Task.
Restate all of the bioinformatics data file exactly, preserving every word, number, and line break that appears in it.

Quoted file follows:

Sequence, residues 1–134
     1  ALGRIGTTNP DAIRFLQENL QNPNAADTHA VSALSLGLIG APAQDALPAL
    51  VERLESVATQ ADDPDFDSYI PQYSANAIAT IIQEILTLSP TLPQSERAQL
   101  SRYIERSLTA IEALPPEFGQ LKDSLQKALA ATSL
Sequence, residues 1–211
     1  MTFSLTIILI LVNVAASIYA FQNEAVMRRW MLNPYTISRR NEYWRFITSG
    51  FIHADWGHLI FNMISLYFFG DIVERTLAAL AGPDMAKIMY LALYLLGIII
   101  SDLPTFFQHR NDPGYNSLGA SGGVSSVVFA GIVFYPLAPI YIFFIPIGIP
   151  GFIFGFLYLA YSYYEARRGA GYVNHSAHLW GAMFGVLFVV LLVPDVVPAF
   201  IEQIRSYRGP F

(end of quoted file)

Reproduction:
Sequence, residues 1–134
     1  ALGRIGTTNP DAIRFLQENL QNPNAADTHA VSALSLGLIG APAQDALPAL
    51  VERLESVATQ ADDPDFDSYI PQYSANAIAT IIQEILTLSP TLPQSERAQL
   101  SRYIERSLTA IEALPPEFGQ LKDSLQKALA ATSL
Sequence, residues 1–211
     1  MTFSLTIILI LVNVAASIYA FQNEAVMRRW MLNPYTISRR NEYWRFITSG
    51  FIHADWGHLI FNMISLYFFG DIVERTLAAL AGPDMAKIMY LALYLLGIII
   101  SDLPTFFQHR NDPGYNSLGA SGGVSSVVFA GIVFYPLAPI YIFFIPIGIP
   151  GFIFGFLYLA YSYYEARRGA GYVNHSAHLW GAMFGVLFVV LLVPDVVPAF
   201  IEQIRSYRGP F